Af Julie Aloush
Denmark's best potatoes
In 2018, Salling Group bought 24 kilos of this year's first Samsø potatoes for a staggering 36.000 kroner. It is no secret in that sense that the island is known for its exquisite potatoes. But make no mistake; Samsø has much more to offer than extremely delicious - and expensive - potatoes.
The picturesque island is also world famous - not only in Denmark - for its renewable energy, and has since 2006 been self-sufficient in energy from wind, solar and biomass. For the past three years, I have had the pleasure of visiting it beautiful island whole eight times, and have time and time again been able to confirm that there is a lot to come after.
The world's largest labyrinth
Yes, you were right. The world's largest labyrinth can actually be found on Samsø, and here you can easily get a whole day to go.
Before you enter the giant maze, with a size equivalent to 12 football pitches, you first choose a specific thematic question, which should get you safely through the maze. So if you answer correctly at all T-junctions and do not turn wrong and come out on a siding.
As I said, you can easily in a whole day to walk here and get quite a few kilometers in the legs. You complete the maze by choosing a question category that you feel confident in. With 50 different options ranging from Harry Potter to historical monuments, there is a guarantee of finding something for everyone.
The magnificent landscape on the northern part of the island can well be considered Samsø's most scenic area. I have both gone on long trips and ridden mountain bikes around and up and down Nordby Bakker, and the hilly landscape impresses me every single time.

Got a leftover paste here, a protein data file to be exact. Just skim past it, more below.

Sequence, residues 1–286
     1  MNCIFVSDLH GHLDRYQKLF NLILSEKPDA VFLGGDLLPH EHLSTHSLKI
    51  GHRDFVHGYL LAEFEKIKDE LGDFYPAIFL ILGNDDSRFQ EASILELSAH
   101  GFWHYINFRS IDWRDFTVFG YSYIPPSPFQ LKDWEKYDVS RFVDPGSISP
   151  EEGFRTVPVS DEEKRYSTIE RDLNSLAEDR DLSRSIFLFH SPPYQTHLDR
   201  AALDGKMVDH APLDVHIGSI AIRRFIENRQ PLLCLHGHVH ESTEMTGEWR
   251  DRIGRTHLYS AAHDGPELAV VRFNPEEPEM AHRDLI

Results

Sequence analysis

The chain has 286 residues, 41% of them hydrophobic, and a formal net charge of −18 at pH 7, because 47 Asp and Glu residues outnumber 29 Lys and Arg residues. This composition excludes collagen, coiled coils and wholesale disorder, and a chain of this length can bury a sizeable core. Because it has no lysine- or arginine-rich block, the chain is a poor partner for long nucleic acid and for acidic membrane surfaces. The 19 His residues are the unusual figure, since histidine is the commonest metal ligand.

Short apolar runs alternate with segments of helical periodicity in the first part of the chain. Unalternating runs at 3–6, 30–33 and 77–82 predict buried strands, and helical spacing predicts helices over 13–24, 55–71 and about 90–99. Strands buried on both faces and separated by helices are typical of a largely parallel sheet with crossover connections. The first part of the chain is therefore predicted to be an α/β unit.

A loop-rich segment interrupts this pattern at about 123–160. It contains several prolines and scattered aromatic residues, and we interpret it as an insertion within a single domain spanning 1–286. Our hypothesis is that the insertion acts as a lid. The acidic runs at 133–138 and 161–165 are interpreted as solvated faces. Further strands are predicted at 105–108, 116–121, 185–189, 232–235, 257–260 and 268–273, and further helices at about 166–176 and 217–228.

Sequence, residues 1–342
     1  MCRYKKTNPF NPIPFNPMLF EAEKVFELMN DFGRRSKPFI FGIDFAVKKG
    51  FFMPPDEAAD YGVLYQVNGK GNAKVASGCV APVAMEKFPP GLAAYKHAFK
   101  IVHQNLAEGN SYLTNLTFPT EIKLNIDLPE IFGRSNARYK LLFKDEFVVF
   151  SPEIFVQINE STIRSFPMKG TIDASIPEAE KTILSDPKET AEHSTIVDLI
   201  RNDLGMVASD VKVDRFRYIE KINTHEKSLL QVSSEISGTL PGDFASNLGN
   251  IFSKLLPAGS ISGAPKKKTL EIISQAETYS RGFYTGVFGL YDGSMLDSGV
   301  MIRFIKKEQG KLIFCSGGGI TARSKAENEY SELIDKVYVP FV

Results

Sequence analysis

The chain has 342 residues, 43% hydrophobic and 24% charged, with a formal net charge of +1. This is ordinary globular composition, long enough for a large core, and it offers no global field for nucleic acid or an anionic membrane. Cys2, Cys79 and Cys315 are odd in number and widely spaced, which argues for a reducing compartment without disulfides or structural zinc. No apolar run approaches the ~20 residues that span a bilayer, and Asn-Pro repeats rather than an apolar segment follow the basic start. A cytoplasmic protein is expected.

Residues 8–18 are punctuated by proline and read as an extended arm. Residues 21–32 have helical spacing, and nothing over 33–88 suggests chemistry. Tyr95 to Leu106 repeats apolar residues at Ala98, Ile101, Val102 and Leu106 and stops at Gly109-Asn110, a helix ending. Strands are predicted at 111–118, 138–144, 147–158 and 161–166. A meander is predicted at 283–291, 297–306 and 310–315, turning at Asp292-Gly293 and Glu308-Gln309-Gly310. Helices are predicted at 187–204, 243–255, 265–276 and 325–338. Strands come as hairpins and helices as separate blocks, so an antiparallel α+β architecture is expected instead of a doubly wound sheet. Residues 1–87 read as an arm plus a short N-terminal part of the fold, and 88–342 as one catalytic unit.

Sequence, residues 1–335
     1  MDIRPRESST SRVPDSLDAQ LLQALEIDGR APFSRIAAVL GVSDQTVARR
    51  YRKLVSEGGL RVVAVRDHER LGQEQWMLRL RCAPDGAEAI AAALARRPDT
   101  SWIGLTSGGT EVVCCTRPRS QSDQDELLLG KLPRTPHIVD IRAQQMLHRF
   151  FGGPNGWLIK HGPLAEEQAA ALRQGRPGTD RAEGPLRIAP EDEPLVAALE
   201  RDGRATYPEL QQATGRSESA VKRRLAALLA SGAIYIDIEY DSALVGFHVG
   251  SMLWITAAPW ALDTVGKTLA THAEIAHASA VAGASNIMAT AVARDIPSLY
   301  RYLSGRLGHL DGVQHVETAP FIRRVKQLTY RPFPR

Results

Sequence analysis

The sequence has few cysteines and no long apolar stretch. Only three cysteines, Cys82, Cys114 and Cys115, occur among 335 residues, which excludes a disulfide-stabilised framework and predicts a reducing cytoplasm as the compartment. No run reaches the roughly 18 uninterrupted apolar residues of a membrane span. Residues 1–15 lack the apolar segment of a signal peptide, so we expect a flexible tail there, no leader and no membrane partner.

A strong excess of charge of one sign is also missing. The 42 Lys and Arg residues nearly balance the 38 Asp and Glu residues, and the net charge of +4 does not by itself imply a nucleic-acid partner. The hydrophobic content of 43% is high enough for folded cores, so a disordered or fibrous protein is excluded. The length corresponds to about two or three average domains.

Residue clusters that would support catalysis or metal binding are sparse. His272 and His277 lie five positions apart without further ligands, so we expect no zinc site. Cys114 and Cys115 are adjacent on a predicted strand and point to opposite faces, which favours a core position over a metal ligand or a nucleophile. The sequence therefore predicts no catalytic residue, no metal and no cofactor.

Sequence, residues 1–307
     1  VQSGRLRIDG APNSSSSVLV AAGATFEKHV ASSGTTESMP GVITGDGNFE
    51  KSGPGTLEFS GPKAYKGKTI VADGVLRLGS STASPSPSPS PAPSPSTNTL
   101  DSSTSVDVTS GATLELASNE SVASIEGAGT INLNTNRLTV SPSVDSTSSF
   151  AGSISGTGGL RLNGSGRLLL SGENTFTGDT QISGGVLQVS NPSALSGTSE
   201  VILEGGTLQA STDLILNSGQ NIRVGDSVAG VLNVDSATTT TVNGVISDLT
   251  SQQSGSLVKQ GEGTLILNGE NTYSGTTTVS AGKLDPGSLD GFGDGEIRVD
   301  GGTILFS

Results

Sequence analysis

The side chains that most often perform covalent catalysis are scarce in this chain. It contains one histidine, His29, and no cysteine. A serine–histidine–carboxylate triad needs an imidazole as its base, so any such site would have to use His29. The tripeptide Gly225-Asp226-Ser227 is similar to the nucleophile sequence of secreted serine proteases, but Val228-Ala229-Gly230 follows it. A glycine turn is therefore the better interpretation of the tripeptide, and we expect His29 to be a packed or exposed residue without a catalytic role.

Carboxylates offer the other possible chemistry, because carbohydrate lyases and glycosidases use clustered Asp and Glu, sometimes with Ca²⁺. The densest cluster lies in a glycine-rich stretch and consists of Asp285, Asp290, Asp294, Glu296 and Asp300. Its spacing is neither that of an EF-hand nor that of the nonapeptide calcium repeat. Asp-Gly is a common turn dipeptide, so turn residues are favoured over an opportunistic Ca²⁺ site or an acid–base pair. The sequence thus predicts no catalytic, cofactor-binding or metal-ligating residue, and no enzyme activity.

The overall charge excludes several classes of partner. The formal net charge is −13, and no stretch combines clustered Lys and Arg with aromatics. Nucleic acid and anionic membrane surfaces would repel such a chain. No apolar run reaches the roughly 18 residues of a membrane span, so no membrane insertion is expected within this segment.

Nordby itself has 216 inhabitants and is also one of the most atmospheric towns you will find on Samsø, packed with charming little grocers and old half-timbered houses.
Walk along Besser Rev
It was only last summer that I experienced Samsø's very special natural phenomenon Besser Rev. A five kilometer long rare and complicated beach headland formation in the form of a narrow path that shields Stavns Fjord on the northeastern Samsø.
The headland is made up of sand and stone, which havet has led in, and you can walk five kilometers along the reef with wild seas on both sides – all the way to a fortification that dates from the wars with England at the beginning of the 1800s. If you want to go all the way to the facility, you must be prepared for a cool 10 kilometer walk, as you cannot exactly take a shortcut back home.
Ballen Havn is Samsø's pulse, and here most tourists circle in the summer, as here you will find the most exclusive restaurants, shops and the island's only disco. A walk along the marina on a busy summer evening offers everything from small fishing dinghies to giant yachts from near and far.
If you get hungry for something local, the ultra popular Restaurant Skipperly is located in the heart of Ballen with a view of the harbour. The restaurant is known for extremely well-prepared food from the island's fresh ingredients and for fresh fish and shellfish havet 3 meters away.
Vesborg lighthouse and Samsø's southernmost point
A few summers ago, when the sun was shining at its highest, and everything was booked up by both Danish and foreign tourists, we had the pleasure of renting a small isolated cabin by the historic Vesborg Lighthouse on the southwestern part of the island. Here you will encounter a number of fewer tourists, wilder nature and the beautiful Bratningborg Forest.
I fell in love with the tranquility I found and had to admit that I had not explored the southern tip of the island enough.
The lighthouse is located on what in the Middle Ages was one of the country's largest ramparts: Valdemar Atterdag's castle. One can almost sense the magnificent story just by being there. Not far from the lighthouse, you can get lost in Bratningborg Forest.
Have a good trip to Samsø - the adventure awaits right in the middle of the Kattegat!